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Google shopping queries for vaping products, JUUL and IQOS during the E-cigarette, or Vaping, product use Associated Lung Injury (EVALI) outbreak
  1. Eric C Leas1,
  2. Natalie H Moy1,
  3. Alicia L Nobles2,
  4. John Ayers2,
  5. Shu-Hong Zhu1,
  6. Vidya Purushothaman3
  1. 1Department of Family Medicine and Public Health, University of California San Diego, La Jolla, California, USA
  2. 2Division of Infectious Diseases and Global Public Health, Department of Medicine, University of California San Diego, La Jolla, California, USA
  3. 3Department of Anesthesiology, University of California, San Diego, La Jolla, CA, USA
  1. Correspondence to Dr Eric C Leas, Department of Family Medicine and Public Health, School of Medicine, University of California San Diego, La Jolla, CA 94304-1334, USA; ecleas{at}gmail.com

Abstract

Objectives To assess whether the late 2019 US outbreak of pulmonary disease linked to vaping (‘E-cigarette, or Vaping, product use Associated Lung Injury’ (EVALI)) impacted online shopping queries for vaping products and the Philip Morris ‘IQO’ brand of heated tobacco.

Methods We tracked online shopping queries for vape(s), JUUL and IQOS by analysing rates of Google queries indicative of shopping (eg, buy IQOS) after news of the outbreak was first reported (the week of 29 July 2019) until hospitalisations ceased (the week of 16 February 2020). We compared observed rates of shopping during the outbreak to counterfactual expected rates that were predicted using an autoregressive iterative moving average model fit to queries from 1 January 2014 to the week of 21 July 2019.

Results During the outbreak, vape shopping queries were 34% (95% CI 30% to 38%) lower than expected and JUUL shopping queries were 39% (95% CI 34% to 45%) lower than expected, translating into about 7.2 and 1.0 million fewer searches. IQOS shopping queries were 58% (95% prediction interval (PI): 34–87) higher than expected, translating into 35 000 more searches. Moreover, IQOS shopping queries reached a historic high the week they were discussed as a potentially safe alternative to vaping (the week of 29 September 2019), when they were 382% (95% PI: 219–881) above expected rates for the week.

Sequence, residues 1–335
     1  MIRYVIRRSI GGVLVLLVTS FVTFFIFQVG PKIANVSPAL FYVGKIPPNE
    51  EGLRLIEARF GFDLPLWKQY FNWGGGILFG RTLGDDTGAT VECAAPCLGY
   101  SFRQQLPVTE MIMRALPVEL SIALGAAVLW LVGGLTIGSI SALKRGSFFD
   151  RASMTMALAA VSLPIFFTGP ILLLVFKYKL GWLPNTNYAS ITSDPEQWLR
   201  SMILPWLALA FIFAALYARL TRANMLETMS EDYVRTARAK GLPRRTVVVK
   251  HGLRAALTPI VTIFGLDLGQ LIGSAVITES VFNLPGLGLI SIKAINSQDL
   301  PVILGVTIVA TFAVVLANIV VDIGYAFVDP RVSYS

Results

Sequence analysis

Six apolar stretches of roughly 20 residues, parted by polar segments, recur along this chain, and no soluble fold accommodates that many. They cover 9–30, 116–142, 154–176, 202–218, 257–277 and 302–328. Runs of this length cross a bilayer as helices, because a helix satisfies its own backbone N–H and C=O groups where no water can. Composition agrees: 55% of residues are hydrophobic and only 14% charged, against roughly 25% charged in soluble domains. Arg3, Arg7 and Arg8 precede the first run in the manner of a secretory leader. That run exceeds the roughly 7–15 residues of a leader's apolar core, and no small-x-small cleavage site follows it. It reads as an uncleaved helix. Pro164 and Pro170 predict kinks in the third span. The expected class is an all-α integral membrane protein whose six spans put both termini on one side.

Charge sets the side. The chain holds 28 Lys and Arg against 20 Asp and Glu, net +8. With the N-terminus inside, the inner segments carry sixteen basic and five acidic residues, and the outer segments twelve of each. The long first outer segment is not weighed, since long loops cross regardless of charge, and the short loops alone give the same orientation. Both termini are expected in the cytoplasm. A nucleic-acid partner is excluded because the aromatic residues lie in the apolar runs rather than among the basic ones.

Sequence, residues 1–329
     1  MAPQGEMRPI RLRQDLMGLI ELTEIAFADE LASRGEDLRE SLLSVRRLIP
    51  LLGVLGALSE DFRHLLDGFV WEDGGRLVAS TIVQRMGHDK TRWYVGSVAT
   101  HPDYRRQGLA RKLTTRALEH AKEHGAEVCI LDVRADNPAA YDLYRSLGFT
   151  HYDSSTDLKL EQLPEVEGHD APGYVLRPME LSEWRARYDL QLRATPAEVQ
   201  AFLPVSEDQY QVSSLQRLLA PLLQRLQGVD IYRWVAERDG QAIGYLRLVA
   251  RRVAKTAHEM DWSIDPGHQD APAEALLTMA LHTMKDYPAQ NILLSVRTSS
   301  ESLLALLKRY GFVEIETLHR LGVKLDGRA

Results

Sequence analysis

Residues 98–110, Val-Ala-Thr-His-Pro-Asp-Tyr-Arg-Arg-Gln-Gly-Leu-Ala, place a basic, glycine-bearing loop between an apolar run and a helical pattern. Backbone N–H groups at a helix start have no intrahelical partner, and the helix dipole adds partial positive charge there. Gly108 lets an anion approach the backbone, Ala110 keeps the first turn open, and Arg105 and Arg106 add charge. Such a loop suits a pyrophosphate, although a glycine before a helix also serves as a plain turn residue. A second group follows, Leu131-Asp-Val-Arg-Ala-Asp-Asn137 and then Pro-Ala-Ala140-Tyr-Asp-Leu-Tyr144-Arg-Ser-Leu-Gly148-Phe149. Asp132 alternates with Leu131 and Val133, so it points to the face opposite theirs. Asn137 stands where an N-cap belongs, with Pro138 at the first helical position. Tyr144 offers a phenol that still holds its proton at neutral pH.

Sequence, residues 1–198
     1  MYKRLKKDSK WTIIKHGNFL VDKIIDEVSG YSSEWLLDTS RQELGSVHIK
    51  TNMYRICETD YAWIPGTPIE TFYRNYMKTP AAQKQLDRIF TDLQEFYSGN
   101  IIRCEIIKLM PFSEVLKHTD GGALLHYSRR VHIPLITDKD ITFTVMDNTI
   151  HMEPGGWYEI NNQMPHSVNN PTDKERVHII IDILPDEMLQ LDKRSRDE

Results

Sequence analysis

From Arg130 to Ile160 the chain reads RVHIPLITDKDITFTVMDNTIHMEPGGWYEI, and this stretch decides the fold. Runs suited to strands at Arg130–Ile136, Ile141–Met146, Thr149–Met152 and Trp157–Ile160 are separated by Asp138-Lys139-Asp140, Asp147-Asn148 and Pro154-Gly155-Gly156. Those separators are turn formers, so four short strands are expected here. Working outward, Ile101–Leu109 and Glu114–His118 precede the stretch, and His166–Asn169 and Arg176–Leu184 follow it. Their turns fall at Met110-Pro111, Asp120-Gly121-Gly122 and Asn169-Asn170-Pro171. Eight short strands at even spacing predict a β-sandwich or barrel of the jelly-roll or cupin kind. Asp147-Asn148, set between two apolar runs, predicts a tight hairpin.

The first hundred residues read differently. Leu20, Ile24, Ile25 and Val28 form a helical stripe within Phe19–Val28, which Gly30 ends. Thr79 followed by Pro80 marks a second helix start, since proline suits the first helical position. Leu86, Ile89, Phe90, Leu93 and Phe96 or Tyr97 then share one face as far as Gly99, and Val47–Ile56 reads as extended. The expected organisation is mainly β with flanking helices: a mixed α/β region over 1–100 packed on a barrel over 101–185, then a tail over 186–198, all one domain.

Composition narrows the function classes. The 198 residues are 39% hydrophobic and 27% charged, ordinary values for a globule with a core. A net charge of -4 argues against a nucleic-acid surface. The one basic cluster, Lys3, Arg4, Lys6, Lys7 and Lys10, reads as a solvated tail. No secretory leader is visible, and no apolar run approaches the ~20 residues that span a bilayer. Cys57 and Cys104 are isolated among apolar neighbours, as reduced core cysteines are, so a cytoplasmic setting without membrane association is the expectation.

Conclusions These results suggest that unplanned events, such as the EVALI outbreak, can provoke changes in the epidemiology of product usage. Tobacco companies should be prohibited from using events such as disease outbreaks to position their products as less harmful without prior approval.

  • smoking caused disease
  • social marketing
  • surveillance and monitoring
  • media
  • advertising and promotion

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Footnotes

  • Contributors ALN, ECL and NM designed data collection tools, wrote the statistical analysis plan and cleaned the data. All authors analysed the data and drafted and revised the paper. ECL is the guarantor.

  • Funding This work was supported in part by the Burroughs Wellcome Fund, grant R21DA051356 from the National Institute on Drug Abuse, grant R01CA234539 from the National Cancer Institute and grants 28IR-0066, 28KT-0004 and T31IR1584 from the California Tobacco-Related Disease Research Program.

  • Disclaimer The study sponsors took no part in the study design; collection, analysis and interpretation of data; the writing of the manuscript; or the decision to submit the manuscript for publication.

  • Competing interests Dr. Ayers owns equity positions in Directing Medicine, Health Watcher, and Good Analytics. Drs. Leas and Nobles have received consulting fees from Health Watcher and Good Analytics for related work outside those conducted in this manuscript. All other authors have no competing interests to declare.

  • Patient consent for publication Not required.

  • Provenance and peer review Not commissioned; internally peer reviewed.

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